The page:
UPPER WEST SIDE — Locals sounded off about a planned 20-story nursing home development on West 97th Street at a public meeting Tuesday night, raising concerns about the extent of the project's environmental review.
Opponents claim the state's decision to require a review came after a private study found high levels of lead in the soil around the development that could potentially permeate the surrounding area during construction.
Hundreds packed the auditorium of P.S. 163, a school neighboring the development site — currently a parking lot between Amsterdam and Columbus avenues — Tuesday to express concerns about the negative health, safety and environmental effects the $250 million complex could have on the neighborhood.
The meeting centered around evaluating whether the environmental review planned by JHL, which it will conduct in the coming months, goes into enough depth. It also provided the chance for residents to share their opinions on the project with officials from the Department of Health who listened to hours of testimony.
The environmental review, as currently outlined, will consider topics like the use of hazardous materials in construction, the project's impact on local transportation, noise, air quality, and sewer infrastructure, among other issues.
However, topics like the use of natural resources or the effects on open space will not be considered — something community members fought back against.
"This document is decidedly pro-development," said nearby resident Jean Green Dorsey, claiming the review as currently outlined didn't go deep enough into issues like waste management and the need for backup generators related to the project.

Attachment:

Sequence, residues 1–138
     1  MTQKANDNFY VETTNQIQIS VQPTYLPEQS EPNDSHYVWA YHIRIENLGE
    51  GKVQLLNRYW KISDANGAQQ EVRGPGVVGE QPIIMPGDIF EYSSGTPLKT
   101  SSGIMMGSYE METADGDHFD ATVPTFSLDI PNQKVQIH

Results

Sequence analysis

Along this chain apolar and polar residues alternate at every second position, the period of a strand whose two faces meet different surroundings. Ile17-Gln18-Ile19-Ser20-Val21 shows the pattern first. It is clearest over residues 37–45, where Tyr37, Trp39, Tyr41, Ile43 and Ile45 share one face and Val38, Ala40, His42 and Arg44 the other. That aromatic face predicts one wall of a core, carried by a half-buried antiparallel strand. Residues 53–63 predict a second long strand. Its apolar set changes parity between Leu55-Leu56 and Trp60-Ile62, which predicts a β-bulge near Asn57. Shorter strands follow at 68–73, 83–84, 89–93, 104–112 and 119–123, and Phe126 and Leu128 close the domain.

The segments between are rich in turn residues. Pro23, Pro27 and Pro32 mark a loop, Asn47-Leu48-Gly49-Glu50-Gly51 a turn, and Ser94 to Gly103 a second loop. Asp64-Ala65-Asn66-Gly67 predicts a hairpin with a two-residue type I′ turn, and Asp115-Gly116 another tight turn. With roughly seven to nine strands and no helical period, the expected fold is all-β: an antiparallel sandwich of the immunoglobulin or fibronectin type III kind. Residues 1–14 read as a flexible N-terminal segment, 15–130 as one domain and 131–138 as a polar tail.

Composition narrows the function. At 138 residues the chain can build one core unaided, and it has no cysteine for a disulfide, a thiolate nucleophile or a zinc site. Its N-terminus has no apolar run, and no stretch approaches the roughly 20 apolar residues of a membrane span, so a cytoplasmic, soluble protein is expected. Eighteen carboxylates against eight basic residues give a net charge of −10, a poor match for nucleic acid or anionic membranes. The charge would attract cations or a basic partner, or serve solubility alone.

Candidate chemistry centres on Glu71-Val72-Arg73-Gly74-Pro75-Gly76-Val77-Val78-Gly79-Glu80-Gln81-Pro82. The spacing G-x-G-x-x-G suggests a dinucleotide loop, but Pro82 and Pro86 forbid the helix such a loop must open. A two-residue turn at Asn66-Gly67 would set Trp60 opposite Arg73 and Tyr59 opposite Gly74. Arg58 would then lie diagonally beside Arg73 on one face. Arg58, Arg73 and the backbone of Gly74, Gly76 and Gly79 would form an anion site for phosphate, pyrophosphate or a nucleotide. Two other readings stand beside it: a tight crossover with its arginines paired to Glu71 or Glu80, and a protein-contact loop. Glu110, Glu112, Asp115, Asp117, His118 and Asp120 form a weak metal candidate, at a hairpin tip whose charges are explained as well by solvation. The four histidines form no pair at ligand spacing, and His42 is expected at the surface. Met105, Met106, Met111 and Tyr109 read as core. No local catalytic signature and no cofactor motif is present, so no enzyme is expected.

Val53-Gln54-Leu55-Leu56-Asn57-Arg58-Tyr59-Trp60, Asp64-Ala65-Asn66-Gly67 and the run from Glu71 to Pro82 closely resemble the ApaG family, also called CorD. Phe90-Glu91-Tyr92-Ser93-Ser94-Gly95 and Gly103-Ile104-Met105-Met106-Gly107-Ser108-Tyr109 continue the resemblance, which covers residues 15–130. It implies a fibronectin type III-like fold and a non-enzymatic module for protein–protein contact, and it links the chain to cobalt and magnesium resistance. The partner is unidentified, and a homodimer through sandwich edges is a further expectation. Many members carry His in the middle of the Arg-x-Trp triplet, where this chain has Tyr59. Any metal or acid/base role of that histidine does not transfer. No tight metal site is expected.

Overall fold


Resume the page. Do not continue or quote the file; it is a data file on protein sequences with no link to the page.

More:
Many, including Dorsey, spoke of a feeling of fatigue after years of construction that created the nearby Columbus Square development.
"We know stuff has to change. We cannot be overwhelmed, overburdened any further," she said to a round of applause from a crowd very much against the new development and worried about the new building's impact on light, open space, noise and congestion.
Others urged state officials to be thorough in their environmental review.
"I commend to you the requirement that we have a rigorous hazardous materials discussion," said Mark Diller, chair of Community Board 7, who also focused on the discovery of high levels of lead.
While a significant portion of those in attendance were from the affordable housing development Park West Village, from which a strong opposition group has formed, there were also a group parents from the nearby school P.S. 163 at the hours-long hearing.
"Students will be subjected to decibel levels that will make it impossible to hear their teachers," P.S. 163 parent Avery Brandon said. "Perhaps we should have simulated construction noise and then tried to hold this meeting."
Bruce Nathanson, a VP for JHL, began the hearing by reminding the audience that his company has been on the Upper West Side for 128 years and considers itself part of the community.
"Jewish Home welcomes this public process," he said, citing the meetings it had held with P.S. 163 parents and administrators since 2009.
JHL is pushing for the project because it said it will allow it to establish new, modern types of senior care and "replace Jewish Home’s outdate nursing home," which currently sits on West 106th Street.
The project, which would provide 414 beds, was approved by the City Planning Commission in March of this year and needs state Department of Health approval on the Environmental Impact Statement to proceed.